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Fire forces Getty Center, college to evacuate

Image: Fire in Los Angeles
Local residents and hikers look on as a brush fire burns in the Sepulveda Pass area of Los Angeles on Wednesday, July 8. The Getty Center art complex was evacuating staff and visitors because of the nearby brush fire. Dan Steinberg / AP
/ Source: The Associated Press

The world-famous Getty Center art complex and nearby Mount St. Mary's College were evacuated Wednesday as a brush fire burned on slopes of the Santa Monica Mountains.

The fire erupted at 12:44 p.m. and quickly grew to 80 acres above parking facilities for the Getty, which has a collection ranging from European paintings to illuminated manuscripts and photographs, including works by Claude Monet and Vincent Van Gogh.

About 350 firefighters worked on rugged slopes and seven helicopters pounded flames with repeated water drops. Some of the helicopters were able to reload from nearby Stone Canyon Reservoir.

Fire Chief Douglas Barry said the fire began about three-quarters of a mile from the Getty and was moving away to the east as winds blew out of the west.

"We feel very confident we'll have this fire under control very shortly," Barry said about three hours into the fire.

The origin of the blaze was not known, said Battalion Chief Patrick Butler.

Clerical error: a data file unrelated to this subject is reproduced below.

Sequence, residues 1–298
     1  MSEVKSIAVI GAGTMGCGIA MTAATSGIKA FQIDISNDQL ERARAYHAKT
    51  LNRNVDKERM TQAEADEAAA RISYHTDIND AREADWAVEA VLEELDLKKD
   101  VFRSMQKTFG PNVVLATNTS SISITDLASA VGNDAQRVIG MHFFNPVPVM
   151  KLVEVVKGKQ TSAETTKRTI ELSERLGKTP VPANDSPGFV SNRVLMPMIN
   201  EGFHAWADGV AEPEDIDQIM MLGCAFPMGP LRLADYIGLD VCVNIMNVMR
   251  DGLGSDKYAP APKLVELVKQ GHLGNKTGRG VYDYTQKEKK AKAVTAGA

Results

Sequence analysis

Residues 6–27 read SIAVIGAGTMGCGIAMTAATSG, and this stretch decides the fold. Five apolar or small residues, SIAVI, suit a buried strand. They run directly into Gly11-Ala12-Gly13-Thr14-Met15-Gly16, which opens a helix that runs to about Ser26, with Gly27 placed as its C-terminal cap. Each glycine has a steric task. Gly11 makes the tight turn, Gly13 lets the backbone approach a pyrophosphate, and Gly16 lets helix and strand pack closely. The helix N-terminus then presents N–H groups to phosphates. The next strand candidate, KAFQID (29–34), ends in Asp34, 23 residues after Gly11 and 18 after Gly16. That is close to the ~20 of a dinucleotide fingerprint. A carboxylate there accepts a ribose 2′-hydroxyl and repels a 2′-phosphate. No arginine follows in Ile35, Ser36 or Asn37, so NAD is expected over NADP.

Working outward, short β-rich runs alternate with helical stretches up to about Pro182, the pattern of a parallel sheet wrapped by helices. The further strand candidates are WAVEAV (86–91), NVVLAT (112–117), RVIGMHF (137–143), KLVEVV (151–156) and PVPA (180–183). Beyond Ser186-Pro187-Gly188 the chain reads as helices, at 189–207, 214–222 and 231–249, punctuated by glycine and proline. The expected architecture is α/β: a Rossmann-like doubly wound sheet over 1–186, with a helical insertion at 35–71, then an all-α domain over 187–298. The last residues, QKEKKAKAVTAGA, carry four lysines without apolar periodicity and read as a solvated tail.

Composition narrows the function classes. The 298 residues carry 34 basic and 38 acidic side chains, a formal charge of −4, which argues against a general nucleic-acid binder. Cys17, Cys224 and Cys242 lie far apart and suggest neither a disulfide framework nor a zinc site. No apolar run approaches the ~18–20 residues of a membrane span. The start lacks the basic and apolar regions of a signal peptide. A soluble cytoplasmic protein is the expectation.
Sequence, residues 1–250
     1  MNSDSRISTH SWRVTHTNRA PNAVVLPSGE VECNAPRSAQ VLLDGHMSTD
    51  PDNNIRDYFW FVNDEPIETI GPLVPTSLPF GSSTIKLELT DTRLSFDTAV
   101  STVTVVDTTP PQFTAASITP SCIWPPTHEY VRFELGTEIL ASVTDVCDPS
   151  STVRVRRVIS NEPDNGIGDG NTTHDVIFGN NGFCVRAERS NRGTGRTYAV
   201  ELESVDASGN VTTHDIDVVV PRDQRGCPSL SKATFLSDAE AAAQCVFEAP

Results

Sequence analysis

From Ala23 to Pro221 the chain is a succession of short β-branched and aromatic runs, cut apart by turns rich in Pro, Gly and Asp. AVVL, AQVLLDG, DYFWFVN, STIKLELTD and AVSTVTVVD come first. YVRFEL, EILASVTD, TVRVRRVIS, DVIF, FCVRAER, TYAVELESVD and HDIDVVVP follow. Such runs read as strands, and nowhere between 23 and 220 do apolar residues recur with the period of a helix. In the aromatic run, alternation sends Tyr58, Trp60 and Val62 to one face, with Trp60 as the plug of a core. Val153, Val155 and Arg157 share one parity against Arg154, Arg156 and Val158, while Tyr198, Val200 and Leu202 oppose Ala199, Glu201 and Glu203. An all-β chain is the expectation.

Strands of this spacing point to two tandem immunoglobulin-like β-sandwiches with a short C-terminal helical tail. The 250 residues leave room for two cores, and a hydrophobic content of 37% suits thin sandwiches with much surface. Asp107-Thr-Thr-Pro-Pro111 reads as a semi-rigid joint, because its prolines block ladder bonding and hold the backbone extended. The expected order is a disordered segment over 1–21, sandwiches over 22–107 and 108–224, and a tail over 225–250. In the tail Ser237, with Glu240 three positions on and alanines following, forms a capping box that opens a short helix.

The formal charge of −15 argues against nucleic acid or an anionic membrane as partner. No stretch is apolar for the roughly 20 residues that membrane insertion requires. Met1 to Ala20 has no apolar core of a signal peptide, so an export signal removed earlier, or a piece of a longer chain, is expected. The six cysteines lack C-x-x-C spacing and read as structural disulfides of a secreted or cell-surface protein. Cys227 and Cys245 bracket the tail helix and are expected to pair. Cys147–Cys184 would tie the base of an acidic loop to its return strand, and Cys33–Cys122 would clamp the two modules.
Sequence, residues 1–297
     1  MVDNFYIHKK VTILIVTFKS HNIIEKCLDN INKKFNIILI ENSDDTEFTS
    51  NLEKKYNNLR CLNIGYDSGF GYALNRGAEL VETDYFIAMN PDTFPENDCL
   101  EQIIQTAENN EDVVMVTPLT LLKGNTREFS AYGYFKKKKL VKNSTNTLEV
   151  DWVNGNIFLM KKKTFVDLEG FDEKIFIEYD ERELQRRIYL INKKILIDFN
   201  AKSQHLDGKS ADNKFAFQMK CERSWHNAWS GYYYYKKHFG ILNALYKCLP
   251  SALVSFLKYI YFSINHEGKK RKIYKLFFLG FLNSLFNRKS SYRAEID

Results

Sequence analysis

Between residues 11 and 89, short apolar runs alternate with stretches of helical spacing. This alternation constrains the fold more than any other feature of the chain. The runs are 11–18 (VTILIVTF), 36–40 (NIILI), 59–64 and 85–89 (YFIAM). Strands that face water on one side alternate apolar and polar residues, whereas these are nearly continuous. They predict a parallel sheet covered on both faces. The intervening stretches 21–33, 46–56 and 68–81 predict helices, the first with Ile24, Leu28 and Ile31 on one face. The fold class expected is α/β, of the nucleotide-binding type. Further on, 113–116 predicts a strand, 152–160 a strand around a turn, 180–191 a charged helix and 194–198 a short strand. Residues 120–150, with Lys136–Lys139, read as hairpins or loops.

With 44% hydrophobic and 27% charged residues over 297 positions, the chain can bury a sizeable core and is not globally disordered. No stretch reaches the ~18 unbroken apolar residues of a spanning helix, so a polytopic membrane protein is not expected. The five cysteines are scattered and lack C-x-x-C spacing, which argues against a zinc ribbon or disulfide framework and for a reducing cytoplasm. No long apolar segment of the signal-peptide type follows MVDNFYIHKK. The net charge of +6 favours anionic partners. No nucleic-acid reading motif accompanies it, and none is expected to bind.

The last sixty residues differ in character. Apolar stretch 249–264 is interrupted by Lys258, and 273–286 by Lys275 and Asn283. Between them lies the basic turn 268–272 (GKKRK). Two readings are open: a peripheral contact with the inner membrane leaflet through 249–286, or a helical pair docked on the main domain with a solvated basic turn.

About 800 employees and 1,600 visitors to the J. Paul Getty Museum and other parts of the hilltop complex were shuttled to the center's south building as a precaution, Getty Center spokesman Ron Hartwig said.

A tram took people down the hill to parking lots so they could drive out the south gate, he said.

Ventilation systems shut down
The center would be closed for the rest of the day, he said.

The Getty's ventilation systems also were shut down to prevent smoke from damaging the priceless artwork, he said.

"The Getty Center was built with a great deal of safeguard," Hartwig said. "You can never be overly confident, but we're certainly prepared to handle fires in this area."

To the north, Mount St. Mary's College was evacuated as a precaution even though the fire was a mile away and a canyon lay between it and the school, spokeswoman Sarah Scopio said.

College was not in session but 100 staff members were being evacuated along with about 200 other people attending a conference, Scopio said.

The school was using campus shuttles to take them out until the all-clear was given, Scopio said.

"Right now the fire is not threatening the college directly," she said.

City Fire Department spokesman Erik Scott said residents of the area also were being urged to leave, but no homes were immediately threatened.

The Getty and Mount St. Mary's are prominent landmarks on the rugged mountains above Los Angeles' tony western neighborhoods.

The 100-acre blaze in October burned up to the backyard patios of multimillion-dollar homes before it was extinguished seven hours later.

The Getty Center opened in 1997 on ridges above Interstate 405, which runs through the Sepulveda Pass. It is world-famous for its gardens, conservation and research work and its museum, which holds a number of famous works, including Vincent Van Gogh's painting "Irises."

Mount St. Mary's campus was damaged by the disastrous Bel Air-Brentwood wildfire of November 1961, which destroyed 484 homes and 21 other buildings.